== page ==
Until now, I hate it (accepted). This, however, is not the best translation...So far I hate it. is probably the best translation. Q: How is German class? A: So far I hate it. Hasta is an interesting word because it is one of those Arabic words that (mixed with some Latin) appears in Spanish.
I hate it until now is not really good.English. Although until now is a valid translation for hasta ahora in some cases, it has a slightly different meaning than so far, and that difference affects tense somewhat. When you say so far, you are acknowleging that things may change in the future, but the statement is correct for the present. When you say until now, you are suggesting that the change is happening now so the present perfect tense is used. That would be Until now I have hated it. But the same is true in Spanish and the tense of the Spanish tends to dictate the translation.
I don't think I've ever heard someone say "Up until now, I hate it... even in the movies. Who are you anyway? Do you talk during the movies? I like to watch a movie and then say. "I hated it!"
this is probably one of those sentences - like many other sentences - that you can not translate word for word... I'm sure the Spanish speaking world uses "Hasta ahora, lo odio", the way the English speaking world uses "Up to now, I hated it."
Actually present perfect would work well in English. So far I have hated it. Perfect tenses talk about previous actions that have current signficance. I think that would also work in Spanish. How do you like the movie (in progress) So far I have hated it (implying that might change)
4 years later and I answered this way also. After reading others' responses, I'm still not convinced that "Even now, I hate it" is wrong. In a wordy way, I interpret "hasta" as "up to and including" which is not the sentiment I would infer if someone said "Until now" (I would interpret this as a departure from how things were before: "Until now I didn't like that guy" would imply to me that I do now like him, though in the past I did not). The phrase "hasta ahora ...", I would understand as "up to and including now ..." which is the same sentiment I gather from "even now..."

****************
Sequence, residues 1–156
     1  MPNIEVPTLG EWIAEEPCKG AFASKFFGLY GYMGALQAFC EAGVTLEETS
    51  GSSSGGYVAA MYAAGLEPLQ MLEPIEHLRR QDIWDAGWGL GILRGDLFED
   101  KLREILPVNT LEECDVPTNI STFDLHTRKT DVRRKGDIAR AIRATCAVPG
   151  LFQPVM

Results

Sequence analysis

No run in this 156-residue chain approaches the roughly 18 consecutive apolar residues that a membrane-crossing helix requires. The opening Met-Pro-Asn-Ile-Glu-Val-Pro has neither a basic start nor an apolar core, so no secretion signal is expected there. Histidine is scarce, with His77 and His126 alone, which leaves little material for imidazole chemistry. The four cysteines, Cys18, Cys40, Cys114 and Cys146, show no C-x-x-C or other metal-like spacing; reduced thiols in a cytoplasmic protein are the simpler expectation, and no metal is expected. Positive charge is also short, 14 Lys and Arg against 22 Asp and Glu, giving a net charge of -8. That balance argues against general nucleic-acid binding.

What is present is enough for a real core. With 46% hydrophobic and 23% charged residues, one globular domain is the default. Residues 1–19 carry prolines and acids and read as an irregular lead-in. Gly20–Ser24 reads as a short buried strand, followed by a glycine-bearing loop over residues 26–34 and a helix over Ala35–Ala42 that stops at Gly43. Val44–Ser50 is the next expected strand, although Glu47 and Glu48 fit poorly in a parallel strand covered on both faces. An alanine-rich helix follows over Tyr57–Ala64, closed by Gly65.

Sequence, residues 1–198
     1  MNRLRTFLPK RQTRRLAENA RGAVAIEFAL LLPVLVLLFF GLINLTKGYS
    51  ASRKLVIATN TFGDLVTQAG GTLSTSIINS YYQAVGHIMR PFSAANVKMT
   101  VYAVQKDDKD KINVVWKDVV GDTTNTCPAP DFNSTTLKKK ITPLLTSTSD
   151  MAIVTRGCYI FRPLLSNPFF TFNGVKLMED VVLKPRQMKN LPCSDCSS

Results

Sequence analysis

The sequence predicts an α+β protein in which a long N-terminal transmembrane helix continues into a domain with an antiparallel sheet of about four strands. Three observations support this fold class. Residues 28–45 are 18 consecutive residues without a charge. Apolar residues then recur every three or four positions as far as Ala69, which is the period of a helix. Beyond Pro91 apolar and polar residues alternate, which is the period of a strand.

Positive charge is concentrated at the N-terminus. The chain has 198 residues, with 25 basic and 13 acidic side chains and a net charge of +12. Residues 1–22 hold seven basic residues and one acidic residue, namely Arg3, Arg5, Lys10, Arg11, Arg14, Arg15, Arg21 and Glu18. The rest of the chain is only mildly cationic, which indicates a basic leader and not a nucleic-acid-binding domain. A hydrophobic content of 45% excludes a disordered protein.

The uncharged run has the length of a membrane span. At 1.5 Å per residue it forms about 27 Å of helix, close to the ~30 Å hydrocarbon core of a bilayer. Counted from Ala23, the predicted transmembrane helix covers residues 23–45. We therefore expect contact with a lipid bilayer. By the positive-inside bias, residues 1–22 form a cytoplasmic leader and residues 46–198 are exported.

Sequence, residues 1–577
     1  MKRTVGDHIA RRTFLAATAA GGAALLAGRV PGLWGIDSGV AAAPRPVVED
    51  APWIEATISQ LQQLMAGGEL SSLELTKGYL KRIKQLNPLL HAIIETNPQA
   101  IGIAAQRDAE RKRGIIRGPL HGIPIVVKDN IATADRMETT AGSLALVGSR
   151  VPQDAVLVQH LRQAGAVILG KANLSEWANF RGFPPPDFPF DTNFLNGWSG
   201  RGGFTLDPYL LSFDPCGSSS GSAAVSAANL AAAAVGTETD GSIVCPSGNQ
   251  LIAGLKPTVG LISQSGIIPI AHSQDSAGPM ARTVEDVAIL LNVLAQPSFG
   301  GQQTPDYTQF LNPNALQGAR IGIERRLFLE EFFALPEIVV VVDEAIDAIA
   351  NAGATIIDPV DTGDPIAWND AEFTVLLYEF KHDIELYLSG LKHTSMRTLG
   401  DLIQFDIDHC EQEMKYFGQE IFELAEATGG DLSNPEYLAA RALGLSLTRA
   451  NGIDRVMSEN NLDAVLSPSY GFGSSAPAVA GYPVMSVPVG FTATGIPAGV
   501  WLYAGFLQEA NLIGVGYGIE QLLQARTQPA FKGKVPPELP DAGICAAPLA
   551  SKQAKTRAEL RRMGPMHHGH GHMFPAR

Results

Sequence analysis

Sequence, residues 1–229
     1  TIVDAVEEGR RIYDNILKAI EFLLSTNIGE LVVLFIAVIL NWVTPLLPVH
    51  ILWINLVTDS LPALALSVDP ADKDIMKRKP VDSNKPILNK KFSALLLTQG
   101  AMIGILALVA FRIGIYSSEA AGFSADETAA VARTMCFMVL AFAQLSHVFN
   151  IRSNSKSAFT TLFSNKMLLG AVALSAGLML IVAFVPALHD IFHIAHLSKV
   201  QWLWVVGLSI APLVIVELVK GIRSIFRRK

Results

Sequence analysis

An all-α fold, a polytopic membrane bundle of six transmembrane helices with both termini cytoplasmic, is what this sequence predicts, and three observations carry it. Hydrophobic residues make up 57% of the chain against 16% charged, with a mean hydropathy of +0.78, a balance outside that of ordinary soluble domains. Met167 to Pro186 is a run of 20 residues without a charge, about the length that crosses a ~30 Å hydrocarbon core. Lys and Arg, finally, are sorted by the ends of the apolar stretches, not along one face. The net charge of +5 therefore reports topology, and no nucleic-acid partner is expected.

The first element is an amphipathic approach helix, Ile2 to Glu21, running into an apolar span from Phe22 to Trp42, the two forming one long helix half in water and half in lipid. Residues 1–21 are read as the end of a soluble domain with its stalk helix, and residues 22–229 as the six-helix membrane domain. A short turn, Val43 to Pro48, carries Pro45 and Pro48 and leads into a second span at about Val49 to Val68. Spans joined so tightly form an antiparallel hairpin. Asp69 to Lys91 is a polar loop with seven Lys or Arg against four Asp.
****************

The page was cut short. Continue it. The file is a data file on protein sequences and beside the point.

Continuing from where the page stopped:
This is not the forum to ask for changes in the program. But actually it is not the speed with which this sentence difficult to understand. It wasn't until I listened to the audio to see how fast it was that I figured out the purpose of this particular sentence. Most of the sentences people find strange on Duo are illustrating some point, although most of the time it is difficult to find, or at least to understand that it was the point. Here you have four simple words on two pairs. The ending vowel sound at the end of the first word of each pair is the same as the initial vowel sound of the second word of the pair. This causes the words to sound flowed together. It is something that you are going to encounter over and over in Spanish,and often at much faster speeds than this. This is the sort of exercise that you play over and over again until you hear it. You won't get that opportunity in real life, but you do have to teach your ears to hear this. Obviously in a few cases new words got formed like al and del. Mijo/mija is another one. Colloquially in many regions there is no attempt even to make mijo sound like mi hijo. But in many cases it is just the happenstance that two of the same vowels coming together in two adjacent words.
It is actually a common expression, but it is unclear how much the up adds to it, and you almost never see it in a subordinate clause that begins the sentence.
I'm a native English speaker. I would not say "Up until now I hate it." If I heard someone say this, I would think the speaker doesn't have a great handle of tenses, and understand it to mean something like "Until now, I have hated it" or maybe "I still hate it." I'm not saying it's an incorrect statement in Spanish; the translation provided doesn't make sense in English though.
It's not "up until now" that I have issue with, it's adding simply "I hate it" to those words. I don't think the combination of tenses makes sense. I agree that people sometimes say things that way. I just don't think it's "good" grammar. (I realize I probably sounded arrogant in my comment, but just wanted to be clear on where I was coming from).